The Italian Case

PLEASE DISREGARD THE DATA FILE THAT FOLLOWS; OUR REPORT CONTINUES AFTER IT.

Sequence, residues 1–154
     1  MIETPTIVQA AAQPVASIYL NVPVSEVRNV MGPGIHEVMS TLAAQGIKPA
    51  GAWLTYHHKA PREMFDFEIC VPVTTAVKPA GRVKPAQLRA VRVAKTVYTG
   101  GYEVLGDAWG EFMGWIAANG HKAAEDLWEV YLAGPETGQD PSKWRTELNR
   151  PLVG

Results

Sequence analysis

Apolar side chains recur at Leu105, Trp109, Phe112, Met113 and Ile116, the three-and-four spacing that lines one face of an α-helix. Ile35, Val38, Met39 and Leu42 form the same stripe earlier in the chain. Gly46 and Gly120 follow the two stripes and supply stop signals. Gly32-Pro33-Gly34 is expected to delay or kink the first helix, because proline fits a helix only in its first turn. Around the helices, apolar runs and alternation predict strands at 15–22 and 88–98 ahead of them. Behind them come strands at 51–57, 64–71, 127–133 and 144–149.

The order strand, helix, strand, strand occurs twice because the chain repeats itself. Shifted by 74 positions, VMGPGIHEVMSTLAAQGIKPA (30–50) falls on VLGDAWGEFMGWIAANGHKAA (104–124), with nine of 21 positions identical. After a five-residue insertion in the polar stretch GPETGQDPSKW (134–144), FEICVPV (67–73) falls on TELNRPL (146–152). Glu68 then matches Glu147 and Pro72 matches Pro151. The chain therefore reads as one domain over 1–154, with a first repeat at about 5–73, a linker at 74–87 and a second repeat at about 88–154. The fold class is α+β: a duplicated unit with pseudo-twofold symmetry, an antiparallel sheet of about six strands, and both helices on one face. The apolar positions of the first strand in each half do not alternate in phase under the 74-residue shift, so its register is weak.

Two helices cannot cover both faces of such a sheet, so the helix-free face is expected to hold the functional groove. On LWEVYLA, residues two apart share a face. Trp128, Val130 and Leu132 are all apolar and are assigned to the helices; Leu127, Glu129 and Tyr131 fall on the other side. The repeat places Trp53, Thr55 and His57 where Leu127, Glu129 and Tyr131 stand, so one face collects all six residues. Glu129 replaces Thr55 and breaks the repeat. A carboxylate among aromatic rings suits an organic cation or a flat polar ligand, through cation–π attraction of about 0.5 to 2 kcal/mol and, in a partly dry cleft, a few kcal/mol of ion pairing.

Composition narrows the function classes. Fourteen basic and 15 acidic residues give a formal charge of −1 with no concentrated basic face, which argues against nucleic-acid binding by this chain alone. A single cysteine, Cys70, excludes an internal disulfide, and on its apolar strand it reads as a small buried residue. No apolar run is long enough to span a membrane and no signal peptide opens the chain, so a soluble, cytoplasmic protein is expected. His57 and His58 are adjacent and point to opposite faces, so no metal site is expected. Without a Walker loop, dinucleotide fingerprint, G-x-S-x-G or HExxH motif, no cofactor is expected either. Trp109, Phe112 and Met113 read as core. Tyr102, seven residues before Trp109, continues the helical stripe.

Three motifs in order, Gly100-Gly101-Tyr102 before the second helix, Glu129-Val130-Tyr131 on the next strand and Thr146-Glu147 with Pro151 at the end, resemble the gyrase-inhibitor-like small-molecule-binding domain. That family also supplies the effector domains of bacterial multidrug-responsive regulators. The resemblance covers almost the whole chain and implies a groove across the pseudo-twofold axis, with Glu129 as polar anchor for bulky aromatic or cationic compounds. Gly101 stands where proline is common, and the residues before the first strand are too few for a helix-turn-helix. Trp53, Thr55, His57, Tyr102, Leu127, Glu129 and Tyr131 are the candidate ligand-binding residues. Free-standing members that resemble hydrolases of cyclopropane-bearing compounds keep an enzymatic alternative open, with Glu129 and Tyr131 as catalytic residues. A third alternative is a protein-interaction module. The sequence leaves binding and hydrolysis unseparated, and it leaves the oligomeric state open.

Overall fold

This chapter examines women's poverty in Italy. It first describes some of the structural conditions that contribute to the main risks of poverty for women, such as their exclusion from the labor market and the absence of policies to support the cost of children; costs in terms of both time and economic resources. It then reviews the conditions of different types of poor families and the social policies that contribute to, or alleviate, poverty. It first considers lone-mother families and married couples with minor children where women play a fundamental role in managing budgets that are not sufficient to meet the needs of the family. It then examines the condition of older women, showing how, within a framework of a general capacity of the Italian welfare system to protect older people, they are at risk of poverty due to their past weakness in the labor market and to longevity that is often accompanied by a loss of self-sufficiency. The chapter also examines immigrant women, distinguishing between lone mothers living with their children in Italy and “long distance” lone mothers, who provide for the subsistence of their children and other members of their family through remittances.
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